15 Childbirth Secrets From Medical-Expert Moms

What’s childbirth really like? Ask moms who deliver babies for a living! Here, obstetricians, family doctors, and certified nurse-midwives share their hard-won insights about going into labor.

Stethoscope with Pacifier End Yellow Background Brock Davis

1. You’re the boss.

“I understood that I was the ultimate decision maker. Moms don’t always realize that hospital protocols are really just suggestions! I was able to use my intuition and informed decision-making skills to decide if they were appropriate for me. For example, as a doctor, I knew that it was okay to refuse to answer questions about my religion during the admission process. And I also felt confident in calmly directing all nonessential people to leave my room, stop yelling, and let me birth my baby in peace. I think that came from years of giving nurses direction in labor and operating rooms—many women don’t understand that just because they’re in the hospital, they don’t have to be the passive recipient of someone else’s stress.” —Jennifer Lang, M.D., 41, an ob-gyn and author of The Whole 9 Months: A Week-by-Week Pregnancy Nutrition Guide With Recipes for a Healthy Start

2. Make it personal.

“It was hard for me to go from being a midwife to being a patient, but it helped that I knew and trusted my own midwife completely. So often, women choose the first ob-gyn or midwife they meet, even if they don’t really like the person. Don’t settle! There are so many providers out there who will give you attention, love, and safe prenatal care. If you’re at a large practice, try to meet with each doctor or midwife at least once prior to your birth—and if there is one you don’t like, think seriously about how safe and comfortable you’ll feel if she turns out to be the one on call when you go into labor. If it’s too late to change practices, consider hiring a doula to help eliminate some of the mystery about your labor team. She’ll be someone you totally trust, who’ll be by your side the whole time.” —Jo Zasloff, 36, a certified nursemidwife with Central Park Midwifery, Mount Sinai West Birthing Center, in New York City 

3. Know when you don’t have to worry.

“As a doctor, I knew that any labor and delivery can transition rapidly from an uncomplicated process to an emergency scenario. But I also had full faith that my labor team could keep my baby and me safe. I knew firsthand that my ob-gyn could deliver my baby in less than 60 seconds if an emergency C-section was required—and this knowledge kept all my fears at bay.” —Chelsea Mutscheller, 31, an ob-gyn at Intermountain Avenues Specialty Clinic, in Salt Lake City, Utah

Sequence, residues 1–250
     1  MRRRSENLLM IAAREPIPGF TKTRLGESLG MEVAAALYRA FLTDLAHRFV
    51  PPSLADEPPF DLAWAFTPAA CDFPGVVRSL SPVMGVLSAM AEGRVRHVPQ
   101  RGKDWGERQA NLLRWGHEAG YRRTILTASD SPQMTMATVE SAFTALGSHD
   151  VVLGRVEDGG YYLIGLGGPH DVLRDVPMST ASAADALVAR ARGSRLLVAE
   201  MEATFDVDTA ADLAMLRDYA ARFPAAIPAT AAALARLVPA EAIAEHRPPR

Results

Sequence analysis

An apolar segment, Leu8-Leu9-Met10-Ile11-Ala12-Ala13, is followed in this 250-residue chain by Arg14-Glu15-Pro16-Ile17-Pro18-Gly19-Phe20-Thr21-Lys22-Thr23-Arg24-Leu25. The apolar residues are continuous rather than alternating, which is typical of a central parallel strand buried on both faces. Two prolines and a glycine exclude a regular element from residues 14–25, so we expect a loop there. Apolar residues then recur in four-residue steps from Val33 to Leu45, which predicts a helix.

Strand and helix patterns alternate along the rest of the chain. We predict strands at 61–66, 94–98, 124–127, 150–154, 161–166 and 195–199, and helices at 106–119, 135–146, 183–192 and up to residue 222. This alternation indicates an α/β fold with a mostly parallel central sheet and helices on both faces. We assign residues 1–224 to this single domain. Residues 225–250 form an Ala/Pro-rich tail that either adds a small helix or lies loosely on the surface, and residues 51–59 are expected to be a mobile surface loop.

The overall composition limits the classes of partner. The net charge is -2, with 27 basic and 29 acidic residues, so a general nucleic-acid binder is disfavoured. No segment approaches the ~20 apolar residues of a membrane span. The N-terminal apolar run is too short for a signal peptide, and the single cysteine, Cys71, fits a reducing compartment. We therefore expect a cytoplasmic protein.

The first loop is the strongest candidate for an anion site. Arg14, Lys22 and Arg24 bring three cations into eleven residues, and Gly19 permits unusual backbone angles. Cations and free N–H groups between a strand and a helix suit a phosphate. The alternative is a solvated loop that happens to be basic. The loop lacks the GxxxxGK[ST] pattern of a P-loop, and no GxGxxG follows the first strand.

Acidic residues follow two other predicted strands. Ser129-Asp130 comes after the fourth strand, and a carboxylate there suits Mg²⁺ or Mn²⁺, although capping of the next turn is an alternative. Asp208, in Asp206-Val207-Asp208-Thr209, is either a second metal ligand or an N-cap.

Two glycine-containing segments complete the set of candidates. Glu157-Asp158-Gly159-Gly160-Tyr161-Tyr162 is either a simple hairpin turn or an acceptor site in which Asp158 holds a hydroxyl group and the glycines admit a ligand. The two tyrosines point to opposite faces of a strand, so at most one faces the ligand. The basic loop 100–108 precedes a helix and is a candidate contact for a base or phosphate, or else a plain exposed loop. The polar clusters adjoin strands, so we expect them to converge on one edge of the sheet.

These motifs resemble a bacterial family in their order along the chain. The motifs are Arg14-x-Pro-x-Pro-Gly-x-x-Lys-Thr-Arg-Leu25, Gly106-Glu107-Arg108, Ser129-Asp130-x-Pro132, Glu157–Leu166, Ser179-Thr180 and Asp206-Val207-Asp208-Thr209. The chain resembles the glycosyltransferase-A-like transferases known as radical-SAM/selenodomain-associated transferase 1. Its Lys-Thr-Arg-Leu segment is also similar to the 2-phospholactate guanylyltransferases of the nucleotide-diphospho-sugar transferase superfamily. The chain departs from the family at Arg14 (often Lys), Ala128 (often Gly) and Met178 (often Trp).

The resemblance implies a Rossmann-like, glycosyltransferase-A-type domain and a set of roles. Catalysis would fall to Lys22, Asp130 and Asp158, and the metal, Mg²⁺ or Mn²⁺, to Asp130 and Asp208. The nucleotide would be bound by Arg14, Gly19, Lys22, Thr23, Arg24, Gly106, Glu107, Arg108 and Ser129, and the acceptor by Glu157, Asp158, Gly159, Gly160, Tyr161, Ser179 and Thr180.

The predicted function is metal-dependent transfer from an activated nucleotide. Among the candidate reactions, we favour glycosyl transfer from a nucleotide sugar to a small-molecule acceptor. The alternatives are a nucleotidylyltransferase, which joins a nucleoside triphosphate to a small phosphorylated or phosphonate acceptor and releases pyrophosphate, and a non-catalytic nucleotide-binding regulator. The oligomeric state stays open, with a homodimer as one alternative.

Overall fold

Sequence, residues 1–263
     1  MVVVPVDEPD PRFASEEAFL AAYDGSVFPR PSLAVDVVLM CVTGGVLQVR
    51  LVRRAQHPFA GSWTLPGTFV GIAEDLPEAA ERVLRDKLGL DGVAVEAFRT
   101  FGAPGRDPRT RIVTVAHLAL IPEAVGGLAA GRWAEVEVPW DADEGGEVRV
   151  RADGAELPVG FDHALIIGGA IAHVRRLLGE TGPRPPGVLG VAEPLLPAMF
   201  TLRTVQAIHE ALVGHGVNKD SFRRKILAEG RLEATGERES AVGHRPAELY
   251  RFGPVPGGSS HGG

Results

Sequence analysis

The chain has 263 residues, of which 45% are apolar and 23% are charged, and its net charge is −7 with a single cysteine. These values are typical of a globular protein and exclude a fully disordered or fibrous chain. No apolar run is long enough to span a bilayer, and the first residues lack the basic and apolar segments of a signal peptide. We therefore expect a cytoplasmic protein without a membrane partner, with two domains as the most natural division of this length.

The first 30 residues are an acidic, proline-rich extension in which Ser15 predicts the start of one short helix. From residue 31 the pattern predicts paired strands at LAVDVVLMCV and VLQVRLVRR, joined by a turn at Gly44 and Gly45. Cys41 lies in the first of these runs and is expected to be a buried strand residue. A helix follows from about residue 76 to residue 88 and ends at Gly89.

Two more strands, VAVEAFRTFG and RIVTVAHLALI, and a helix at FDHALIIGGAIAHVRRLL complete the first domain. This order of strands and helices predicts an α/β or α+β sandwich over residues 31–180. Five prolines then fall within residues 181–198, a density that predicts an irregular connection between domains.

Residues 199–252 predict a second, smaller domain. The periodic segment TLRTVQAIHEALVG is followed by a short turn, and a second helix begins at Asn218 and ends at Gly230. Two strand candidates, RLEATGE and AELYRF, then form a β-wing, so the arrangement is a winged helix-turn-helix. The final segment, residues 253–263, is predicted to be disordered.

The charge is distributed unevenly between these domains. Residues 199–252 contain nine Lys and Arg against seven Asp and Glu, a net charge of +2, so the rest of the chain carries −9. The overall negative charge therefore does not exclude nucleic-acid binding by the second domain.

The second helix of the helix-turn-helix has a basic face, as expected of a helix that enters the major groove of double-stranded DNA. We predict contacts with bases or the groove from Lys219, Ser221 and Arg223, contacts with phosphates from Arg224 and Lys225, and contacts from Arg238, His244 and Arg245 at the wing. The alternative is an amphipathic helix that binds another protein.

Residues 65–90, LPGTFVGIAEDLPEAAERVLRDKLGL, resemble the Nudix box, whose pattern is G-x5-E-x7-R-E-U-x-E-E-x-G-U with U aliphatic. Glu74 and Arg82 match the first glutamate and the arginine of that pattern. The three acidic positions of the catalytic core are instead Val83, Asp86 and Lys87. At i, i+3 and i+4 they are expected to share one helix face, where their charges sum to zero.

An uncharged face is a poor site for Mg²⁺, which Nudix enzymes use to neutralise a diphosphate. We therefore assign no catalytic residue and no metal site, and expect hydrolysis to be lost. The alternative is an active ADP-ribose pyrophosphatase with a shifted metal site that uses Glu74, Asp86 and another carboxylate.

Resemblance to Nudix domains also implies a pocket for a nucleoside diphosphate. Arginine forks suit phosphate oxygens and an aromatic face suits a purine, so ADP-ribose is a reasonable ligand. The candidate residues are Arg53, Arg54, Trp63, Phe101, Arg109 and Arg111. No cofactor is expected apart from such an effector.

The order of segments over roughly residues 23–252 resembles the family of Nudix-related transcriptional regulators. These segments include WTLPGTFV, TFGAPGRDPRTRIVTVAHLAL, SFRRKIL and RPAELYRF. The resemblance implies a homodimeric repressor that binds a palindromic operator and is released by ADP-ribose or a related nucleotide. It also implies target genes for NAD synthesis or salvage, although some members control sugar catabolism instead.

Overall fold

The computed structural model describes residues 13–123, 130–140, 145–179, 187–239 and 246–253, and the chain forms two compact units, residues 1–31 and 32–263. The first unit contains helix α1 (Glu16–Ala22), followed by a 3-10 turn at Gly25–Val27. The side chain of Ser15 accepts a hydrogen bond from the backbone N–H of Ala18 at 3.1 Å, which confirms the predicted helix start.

4. Keep busy during early labor.

“For my first son, I actually went to work the morning after my early labor began and saw patients up until I was 3 centimeters dilated. I knew with a first baby I likely had a lot of time to fill and that working would help distract me. Around noon, I went home to rest but still didn’t go to the hospital until 7:00 that night. It was a real luxury to have that understanding and confidence in the process.” —Jackie Rohrer, M.D., 37, a family physician and ob-surgeon at Foothill Family Clinic in Salt Lake City, Utah 

5. There is a smart way to push.

“Since I’d coached many patients through the process of pushing, I was able to really focus on that when it came time to push out my sons. I used the standard technique, which is to hold your breath and push for ten seconds, then take a breath and do it twice more (for a total of three pushes per contraction). That doesn’t work for everyone; some women really need to vocalize when they push. But I was surprised by how controlled I felt. With my second son, it took three pushes and he was out!” —Dr. Rohrer

6. Always speak up.

“At my 36-week checkup with my first baby, my doctor was sure he was head down. But I knew that if a baby is breech, 37 weeks is the optimal time to try to flip him, so I said, ‘Could we just doublecheck his position?’ She wheeled in the ultrasound, and yup, he was breech! Fortunately, we were able to turn him before I gave birth. But if I hadn’t known to check then, I might have ended up needing a C-section.” —Dr. Rohrer

7. Manage your pain.